From Insaf Ka Tarazu to Damini to No One Killed Jessica, on every occasion when the plight of women has been imperiled through a court room drama, it has put a shrilling mirror to the society to shake consciences. Aniruddha Roy Chowdhury’s Pink adapts the modernity we looked-for and has come out with a product that does exactly that. The film that builds itself up as a sharp spank on the disturbing mindsets even in the skyscraping metros of our country, tells us what’s going wrong with us.
Pink may be disturbing, but it’s exactly what we needed!
Three young girls living in Delhi go through a rather rough night when one of them (Taapsee Pannu) is molested by a man (Angad Bedi) she had met after a rock concert. The man accompanied by two of his friends gets fatally injured when he’s hit by the victim before escaping. This propels a fight of ego, revenge and ugliness. While the ladies are made to suffer in possible domains of their life, even the police don’t respond to their complaint having found out the accused is a local MLA’s relative. They instead hold the girl responsible for attempting to murder the man after falsely implicating all three of the girls in a prostitution racket. This gets them to a retired lawyer Deepak Sehgal played by Amitabh Bachchan to seek help who eventually agrees to fight for their honor.
The following court room drama is what that drives the narrative of Pink in true sense.
The film wastes no time is setting its tension filled atmosphere through dark and edgy frames that let us know something intense is being cooked underway. While the first half mostly deals with the trauma and distressing torture of the girls, it never once goes overboard in trying to subject its opinion. Staying under a believable tone of narration, it often slaps the society with gritty and shuddering one liners that most of us may have heard in some way in our lives.
However, you almost find yourself clapping when Big B takes the center stage post interval and unleashes extremely caustic bombs one after the other that unclothes the filth prevalent in our society. “Yahan Ghadi Ka Kaanta Dekhkar Ladkiyon Ka Character Judge Kiya Jata hai” is what he says to a fella who had questioned the character of these girls only because they are regular at coming late back home. While his counters with Piyush Mishra who also plays a lawyer (and a good one at that) are largely a testament of grubby perceptions set about women in India, the arguments often make you think to the core.
On another note, there’s nothing you haven’t heard before that Mr. Bachchan puts in his opinions in the court, but Chowdhury’s victory lays in the fact that he keeps the preachy quotient in complete check. When you associate the backdrop of the story with the (already heard) lectures, it falls right in the place where you expect them to be. There’s nothing that this screenplay spares and throw a slap on. Right from forming an inferior opinion about the North East to questioning a girl’s character because she drinks, the film even brings out the hidden hypocrisy existing in the elite classes where women are not even considered equals.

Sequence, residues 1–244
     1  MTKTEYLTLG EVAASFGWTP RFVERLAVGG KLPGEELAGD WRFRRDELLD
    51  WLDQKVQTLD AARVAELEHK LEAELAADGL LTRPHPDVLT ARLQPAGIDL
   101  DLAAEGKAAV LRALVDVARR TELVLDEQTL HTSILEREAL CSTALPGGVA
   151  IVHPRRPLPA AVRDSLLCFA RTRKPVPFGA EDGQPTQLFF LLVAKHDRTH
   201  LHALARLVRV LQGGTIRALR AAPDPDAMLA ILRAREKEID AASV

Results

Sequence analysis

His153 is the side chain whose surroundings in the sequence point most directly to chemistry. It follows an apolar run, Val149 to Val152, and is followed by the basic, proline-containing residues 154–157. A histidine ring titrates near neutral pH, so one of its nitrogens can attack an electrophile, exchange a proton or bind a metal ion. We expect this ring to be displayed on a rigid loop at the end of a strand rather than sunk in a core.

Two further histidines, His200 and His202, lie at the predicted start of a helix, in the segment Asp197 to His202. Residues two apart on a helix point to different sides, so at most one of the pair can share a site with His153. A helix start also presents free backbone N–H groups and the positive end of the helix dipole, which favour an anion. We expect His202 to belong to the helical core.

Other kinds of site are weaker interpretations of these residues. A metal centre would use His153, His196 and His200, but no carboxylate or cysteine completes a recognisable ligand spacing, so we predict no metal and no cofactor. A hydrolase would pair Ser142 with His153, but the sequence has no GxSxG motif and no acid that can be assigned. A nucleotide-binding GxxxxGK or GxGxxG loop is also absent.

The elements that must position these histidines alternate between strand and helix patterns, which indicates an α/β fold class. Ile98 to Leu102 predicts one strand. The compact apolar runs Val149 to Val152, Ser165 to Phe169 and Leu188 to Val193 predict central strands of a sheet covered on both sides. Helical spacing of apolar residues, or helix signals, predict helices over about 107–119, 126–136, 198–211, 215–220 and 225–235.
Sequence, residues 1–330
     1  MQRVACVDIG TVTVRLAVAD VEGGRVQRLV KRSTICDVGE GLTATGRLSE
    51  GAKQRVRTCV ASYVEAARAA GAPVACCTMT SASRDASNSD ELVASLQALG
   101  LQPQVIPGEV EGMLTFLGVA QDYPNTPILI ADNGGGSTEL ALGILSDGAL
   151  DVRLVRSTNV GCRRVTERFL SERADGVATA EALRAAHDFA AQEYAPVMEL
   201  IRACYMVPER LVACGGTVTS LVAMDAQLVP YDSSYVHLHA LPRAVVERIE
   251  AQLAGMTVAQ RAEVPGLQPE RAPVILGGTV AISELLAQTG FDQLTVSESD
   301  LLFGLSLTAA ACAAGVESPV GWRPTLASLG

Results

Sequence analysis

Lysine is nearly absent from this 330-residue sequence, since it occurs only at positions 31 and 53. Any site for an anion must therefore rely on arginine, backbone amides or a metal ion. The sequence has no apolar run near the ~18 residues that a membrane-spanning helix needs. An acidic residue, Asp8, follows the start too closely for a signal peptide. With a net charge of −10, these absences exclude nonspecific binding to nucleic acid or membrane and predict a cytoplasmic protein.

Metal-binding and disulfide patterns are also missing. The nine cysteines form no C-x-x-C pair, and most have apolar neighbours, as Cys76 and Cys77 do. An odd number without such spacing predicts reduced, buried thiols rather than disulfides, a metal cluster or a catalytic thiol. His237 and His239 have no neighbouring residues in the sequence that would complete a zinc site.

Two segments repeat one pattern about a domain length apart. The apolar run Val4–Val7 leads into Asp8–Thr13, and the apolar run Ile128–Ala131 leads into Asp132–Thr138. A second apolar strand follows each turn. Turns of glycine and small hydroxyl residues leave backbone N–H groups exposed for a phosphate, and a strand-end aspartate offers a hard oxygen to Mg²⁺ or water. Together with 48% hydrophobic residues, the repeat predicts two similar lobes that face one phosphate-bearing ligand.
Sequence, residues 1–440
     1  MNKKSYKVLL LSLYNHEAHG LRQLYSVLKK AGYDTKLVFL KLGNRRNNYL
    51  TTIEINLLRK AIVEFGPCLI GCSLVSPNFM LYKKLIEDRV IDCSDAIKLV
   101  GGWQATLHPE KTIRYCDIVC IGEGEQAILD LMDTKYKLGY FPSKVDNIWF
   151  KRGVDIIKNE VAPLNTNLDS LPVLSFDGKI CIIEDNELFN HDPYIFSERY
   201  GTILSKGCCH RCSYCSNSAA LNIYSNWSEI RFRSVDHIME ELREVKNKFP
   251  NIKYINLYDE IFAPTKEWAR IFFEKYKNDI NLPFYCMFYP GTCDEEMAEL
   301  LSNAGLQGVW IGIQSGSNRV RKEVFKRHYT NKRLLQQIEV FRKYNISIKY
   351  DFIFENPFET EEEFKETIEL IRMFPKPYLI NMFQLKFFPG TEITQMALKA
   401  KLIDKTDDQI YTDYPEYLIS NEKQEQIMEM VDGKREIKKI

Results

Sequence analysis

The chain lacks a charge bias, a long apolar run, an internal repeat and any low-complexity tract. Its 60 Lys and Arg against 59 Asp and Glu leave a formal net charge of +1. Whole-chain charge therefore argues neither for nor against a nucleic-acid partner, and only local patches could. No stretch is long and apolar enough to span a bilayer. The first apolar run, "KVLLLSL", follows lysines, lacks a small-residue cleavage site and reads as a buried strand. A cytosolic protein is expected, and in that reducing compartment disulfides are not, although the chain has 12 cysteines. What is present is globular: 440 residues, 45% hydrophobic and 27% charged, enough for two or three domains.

Pink is dark, it is intense and often disturbing! But it makes you think, fills you with anger and at times questions the very culture you are a part of. I didn’t think there was any need to set an undercooked backstory at Big B’s end but he doesn’t let it hamper his own performance in anyway. While you may term this film as a fight between the honor of a girl and the system, the bridge in between is him and he wins you over completely. Taapsee Pannu is effective in scenes where she emotes the helplessness skulking within, however I found her being overshadowed by Kirti Kulhari in some scenes. Angad Bedi is ok but Piyush Mishra doesn’t go without delivering a strong performance yet again.
The film that has traces of Shoojit Sircar’s style of storytelling ultimately belongs to its director Aniruddha Roy Chowdhury who hasn’t succumbed to the common pressures of infusing unnecessary melodrama, going overboard with morality lectures or building a hero out of someone. The film stays real and it stays within the realm of its writing.
When was the last time you saw a film that threw a chill down your spine with the thought that one of your loved ones may experience the same? Pink does that, but more importantly explains it even better!
If we can have a better film than Pink in the remaining part of 2016, trust that things are going uphill. Pink is dark black but it’s also the best film of the year!